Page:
* Dollar falls vs yen, euro as risk appetite recedes
* U.S. stocks tumble for third day; volatility rises
* Euro still on track for weekly drop versus dollar
* Greek deficit, Chinese tightening still weigh on market (Adds comments, details. Updates prices)
By Vivianne Rodrigues and Michael O'Boyle
NEW YORK, Jan 22 (Reuters) - The dollar fell against the euro and yen on Friday as investors exited risky trades, unnerved by U.S. President Barack Obama's proposals to limit risk-taking by U.S. banks.
The yen, which often benefits when investors grow nervous, touched a five-week high against the dollar and hit a nine-month peak against the euro, while global stock markets slumped for a second day. The euro rebounded from Thursday's near six-month low against the greenback.
Obama's proposals were the latest setback in a market hampered by fiscal concerns in some euro zone economies and by speculation China would take more steps to withdraw liquidity to stem inflation.
"President Obama added a whole new level of uncertainty back into markets," said Tom Fitzpatrick, chief technical strategist at Citigroup in New York. "The euro was headed straight down and now the movement has been reversed. The dollar is being sold and investors also flocked to the yen."
The dollar hit a session low of 89.79 yen <JPY=>, according to Reuters data, and was last at 89.84 yen, down 0.6 percent on the day.
The euro hit a session low against the yen of 126.58 yen before rebounding to 127.01 yen <EURJPY=>, still down 0.3 percent on the day. It also rose 0.3 percent to $1.4139 <EUR=> after nearing a six-month low of $1.4028 a day ago.
The euro has been under steady pressure this year as investors have worried about euro zone member Greece's ability to rein in its fiscal deficit. The currency was down about 1.4 percent against the dollar this week.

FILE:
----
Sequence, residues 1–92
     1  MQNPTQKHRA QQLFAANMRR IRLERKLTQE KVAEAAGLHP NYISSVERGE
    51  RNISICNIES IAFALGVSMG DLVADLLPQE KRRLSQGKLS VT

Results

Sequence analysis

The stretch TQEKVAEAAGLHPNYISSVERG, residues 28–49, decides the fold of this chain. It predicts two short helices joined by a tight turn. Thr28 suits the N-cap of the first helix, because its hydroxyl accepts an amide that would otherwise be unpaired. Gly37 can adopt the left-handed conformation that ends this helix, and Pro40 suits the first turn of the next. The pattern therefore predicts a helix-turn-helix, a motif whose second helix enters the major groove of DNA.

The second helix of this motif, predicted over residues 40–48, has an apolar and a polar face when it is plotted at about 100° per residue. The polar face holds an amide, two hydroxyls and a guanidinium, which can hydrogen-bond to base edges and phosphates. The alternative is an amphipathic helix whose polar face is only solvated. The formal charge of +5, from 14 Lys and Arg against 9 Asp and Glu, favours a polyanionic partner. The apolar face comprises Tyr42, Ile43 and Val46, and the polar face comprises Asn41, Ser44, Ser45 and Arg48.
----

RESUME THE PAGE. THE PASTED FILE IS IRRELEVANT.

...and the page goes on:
French President Nicolas Sarkozy repeated his demand for more order in currency markets, saying it was unacceptable that the euro was bearing the brunt of foreign exchange imbalances. For details see [ID:nLDE60L221].
Investors, uncertain about the likely impact of Obama's bank proposals, sought to square out dollar positions going into the weekend after the U.S. currency's recent strong gains, analysts said.
The proposals, which require congressional approval, would prevent banks or financial institutions that own banks from investing in, owning or sponsoring a hedge fund or private equity fund. [ID:nN21658127]
"Although the impact of Obama's proposed banking regulation changes is clear enough on equities, currency markets seem to see the implications as ambiguous," said Adam Cole, global head of currency strategy at RBC Capital Markets in London.
Stocks tumbled on Thursday and Friday, their biggest decline since October following Obama's announcement of tough restrictions that would squeeze banks' profits.
U.S. stock indices fell as the VIX index <.VIX>, viewed as gauge of investor apprehension, jumped over 20 percent.
"The market is still focused on the impact of the proposed banking legislation," said Kathy Lien, director of currency research at GFT in New York. "Whenever there is political uncertainty, traders always sell first and ask questions later." (Additional reporting by Steven C. Johnson in New York and Tamawa Desai in London; Editing by James Dalgleish)